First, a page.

Twin Studies Reveal Important Genetic Factor for Heart Attack

DNA find may identify early heart risk victims. ‘Scientists have discovered a strand of DNA that dramatically raises the risk of coronary heart disease and doubles the chances of younger people suffering a heart attack prematurely. The high-risk stretch of genes is common among Caucasian populations, with up to a quarter carrying copies that boost the risk of heart disease by 40% and increase the lifetime risk of a heart attack by 60%. The strand of DNA, reported in the prestigious US journal Science today, is believed to be the most important genetic factor for heart disease yet found.’

deCODE Press Release: deCODE Identifies Novel Genetic Variant Associated with Increased Risk of Heart Attack. ‘Scientists at deCODE genetics and academic colleagues from the United States today report the discovery of a common genetic variant that confers increased risk of myocardial infarction (MI), or heart attack. The variant, a SNP (a single-letter variant in the genome) on chromosome 9p21, was discovered through genome-wide SNP analysis in Iceland and replicated in three cohorts of European descent from Philadelphia, Atlanta and Durham, North Carolina. Of more than 17,000 patients and control subjects in the study, more than 20% of participants carry two copies of the variant, corresponding to a more than 60% increase in risk of heart attack compared to those without the variant. Moreover, in early onset cases – men and women who suffered a heart attack before the ages of 50 and 60, respectively – carrying two copies of the variant corresponds to an approximate doubling of risk compared to non-carriers. The variant is estimated to account for approximately one-fifth of the incidence of heart attack in populations of European origin, and nearly one third of early-onset cases, making it the one of the most significant genetic risk factors found to date for heart attack as a public health problem.’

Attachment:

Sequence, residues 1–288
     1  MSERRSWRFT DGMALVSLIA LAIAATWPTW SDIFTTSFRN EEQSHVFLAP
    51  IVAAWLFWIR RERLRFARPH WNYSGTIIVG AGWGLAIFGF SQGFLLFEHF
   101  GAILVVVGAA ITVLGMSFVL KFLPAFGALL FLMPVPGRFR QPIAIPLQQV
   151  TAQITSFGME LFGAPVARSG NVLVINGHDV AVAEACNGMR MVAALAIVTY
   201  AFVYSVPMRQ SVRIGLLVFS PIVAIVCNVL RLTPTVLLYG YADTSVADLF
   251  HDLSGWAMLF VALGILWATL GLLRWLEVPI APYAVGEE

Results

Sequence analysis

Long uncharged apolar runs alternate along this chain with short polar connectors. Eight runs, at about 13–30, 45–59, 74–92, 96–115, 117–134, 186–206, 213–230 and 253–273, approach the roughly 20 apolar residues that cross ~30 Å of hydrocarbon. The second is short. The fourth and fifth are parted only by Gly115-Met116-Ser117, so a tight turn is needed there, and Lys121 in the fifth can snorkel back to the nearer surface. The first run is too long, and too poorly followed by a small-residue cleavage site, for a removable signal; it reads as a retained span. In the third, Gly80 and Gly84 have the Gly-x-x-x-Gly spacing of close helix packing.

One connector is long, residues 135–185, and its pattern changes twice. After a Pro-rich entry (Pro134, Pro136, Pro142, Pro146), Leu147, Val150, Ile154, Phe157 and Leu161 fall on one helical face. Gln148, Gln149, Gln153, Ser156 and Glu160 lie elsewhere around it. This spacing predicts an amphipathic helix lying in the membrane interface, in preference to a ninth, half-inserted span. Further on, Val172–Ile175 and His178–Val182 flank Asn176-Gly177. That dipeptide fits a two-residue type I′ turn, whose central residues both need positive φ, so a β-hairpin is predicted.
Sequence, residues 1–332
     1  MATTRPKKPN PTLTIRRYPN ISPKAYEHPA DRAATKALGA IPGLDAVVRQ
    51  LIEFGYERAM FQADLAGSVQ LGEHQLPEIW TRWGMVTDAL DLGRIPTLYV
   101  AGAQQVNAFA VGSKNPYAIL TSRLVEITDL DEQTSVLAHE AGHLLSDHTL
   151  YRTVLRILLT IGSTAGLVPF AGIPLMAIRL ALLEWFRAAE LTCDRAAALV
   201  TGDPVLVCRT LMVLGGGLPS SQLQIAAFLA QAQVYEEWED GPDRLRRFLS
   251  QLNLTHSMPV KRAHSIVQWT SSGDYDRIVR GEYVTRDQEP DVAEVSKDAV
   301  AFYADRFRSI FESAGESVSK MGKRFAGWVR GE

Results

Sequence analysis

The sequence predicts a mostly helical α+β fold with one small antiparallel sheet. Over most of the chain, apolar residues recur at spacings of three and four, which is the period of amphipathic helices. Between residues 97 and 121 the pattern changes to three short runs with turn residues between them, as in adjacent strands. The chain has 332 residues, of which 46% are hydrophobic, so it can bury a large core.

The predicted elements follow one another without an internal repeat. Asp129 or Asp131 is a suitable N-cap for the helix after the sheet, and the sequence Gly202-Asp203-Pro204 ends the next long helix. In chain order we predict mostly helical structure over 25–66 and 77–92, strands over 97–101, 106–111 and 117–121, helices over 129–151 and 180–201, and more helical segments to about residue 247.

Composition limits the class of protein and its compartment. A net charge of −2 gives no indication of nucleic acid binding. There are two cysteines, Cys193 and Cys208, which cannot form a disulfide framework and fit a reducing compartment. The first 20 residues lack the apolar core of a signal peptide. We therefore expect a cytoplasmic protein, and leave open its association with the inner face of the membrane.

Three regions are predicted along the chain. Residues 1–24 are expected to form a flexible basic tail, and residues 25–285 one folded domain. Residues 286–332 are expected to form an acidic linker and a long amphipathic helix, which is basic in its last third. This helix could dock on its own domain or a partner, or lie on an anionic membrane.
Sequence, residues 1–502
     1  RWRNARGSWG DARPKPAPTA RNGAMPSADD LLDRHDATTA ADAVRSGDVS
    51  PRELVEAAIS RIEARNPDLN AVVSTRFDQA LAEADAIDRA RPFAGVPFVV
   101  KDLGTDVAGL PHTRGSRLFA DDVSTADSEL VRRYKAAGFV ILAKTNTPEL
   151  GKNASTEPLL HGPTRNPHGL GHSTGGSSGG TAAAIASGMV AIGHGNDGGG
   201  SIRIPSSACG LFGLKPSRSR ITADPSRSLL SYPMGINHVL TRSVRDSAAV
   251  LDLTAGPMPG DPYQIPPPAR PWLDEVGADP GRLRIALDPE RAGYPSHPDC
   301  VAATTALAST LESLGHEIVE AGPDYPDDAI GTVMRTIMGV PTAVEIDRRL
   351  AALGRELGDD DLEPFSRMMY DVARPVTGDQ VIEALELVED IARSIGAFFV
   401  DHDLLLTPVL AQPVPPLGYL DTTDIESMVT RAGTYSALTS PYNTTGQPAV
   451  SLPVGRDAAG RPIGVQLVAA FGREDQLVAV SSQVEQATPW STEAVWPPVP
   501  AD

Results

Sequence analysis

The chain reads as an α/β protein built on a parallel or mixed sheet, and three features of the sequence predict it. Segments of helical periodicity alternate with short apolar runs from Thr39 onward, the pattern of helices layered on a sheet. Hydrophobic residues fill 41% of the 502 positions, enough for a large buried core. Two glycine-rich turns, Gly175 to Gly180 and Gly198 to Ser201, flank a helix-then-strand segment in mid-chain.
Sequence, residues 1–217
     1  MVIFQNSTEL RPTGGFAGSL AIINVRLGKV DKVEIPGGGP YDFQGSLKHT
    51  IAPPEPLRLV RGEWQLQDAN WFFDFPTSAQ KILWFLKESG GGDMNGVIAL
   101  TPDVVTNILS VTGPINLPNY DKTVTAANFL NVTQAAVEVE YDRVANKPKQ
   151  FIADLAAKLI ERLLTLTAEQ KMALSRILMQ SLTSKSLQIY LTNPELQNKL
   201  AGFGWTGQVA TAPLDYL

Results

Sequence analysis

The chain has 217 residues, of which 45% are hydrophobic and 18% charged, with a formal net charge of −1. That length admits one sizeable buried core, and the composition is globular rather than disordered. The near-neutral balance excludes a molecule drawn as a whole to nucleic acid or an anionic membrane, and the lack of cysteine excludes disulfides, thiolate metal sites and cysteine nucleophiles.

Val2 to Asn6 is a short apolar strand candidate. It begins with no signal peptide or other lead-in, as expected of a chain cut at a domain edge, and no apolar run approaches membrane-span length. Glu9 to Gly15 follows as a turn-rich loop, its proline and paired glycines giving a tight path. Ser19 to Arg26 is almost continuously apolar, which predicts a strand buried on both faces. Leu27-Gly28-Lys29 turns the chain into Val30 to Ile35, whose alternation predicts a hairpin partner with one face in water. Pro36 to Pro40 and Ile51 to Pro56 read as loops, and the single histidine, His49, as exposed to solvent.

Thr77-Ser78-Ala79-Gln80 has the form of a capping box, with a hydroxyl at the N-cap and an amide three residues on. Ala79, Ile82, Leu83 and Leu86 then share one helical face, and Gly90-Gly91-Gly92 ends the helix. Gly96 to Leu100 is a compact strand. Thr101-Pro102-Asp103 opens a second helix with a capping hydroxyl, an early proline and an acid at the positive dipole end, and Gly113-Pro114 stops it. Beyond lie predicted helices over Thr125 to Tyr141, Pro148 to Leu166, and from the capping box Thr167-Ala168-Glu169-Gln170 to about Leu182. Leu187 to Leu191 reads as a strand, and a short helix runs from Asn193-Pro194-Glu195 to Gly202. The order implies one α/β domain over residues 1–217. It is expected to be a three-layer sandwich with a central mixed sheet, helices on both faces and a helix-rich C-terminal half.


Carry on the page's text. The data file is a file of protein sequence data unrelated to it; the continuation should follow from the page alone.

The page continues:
University of Ottawa Heart Institute Press Release: New Research Uncovers Fresh Evidence Linking Genes to Heart Disease (PDF). ‘Researchers at the University of Ottawa Heart Institute (UOHI) have
identified a piece of the DNA sequence that boosts a person’s susceptibility to heart disease by up to 40 per cent regardless of other established risks such as cholesterol, blood pressure and diabetes. The discovery could help identify people at high future risk for heart disease, enabling early preventive therapies, including lifestyle changes and medication to reduce their risk. This finding may also lead to a better understanding of the biological pathways that lead to heart attacks.’


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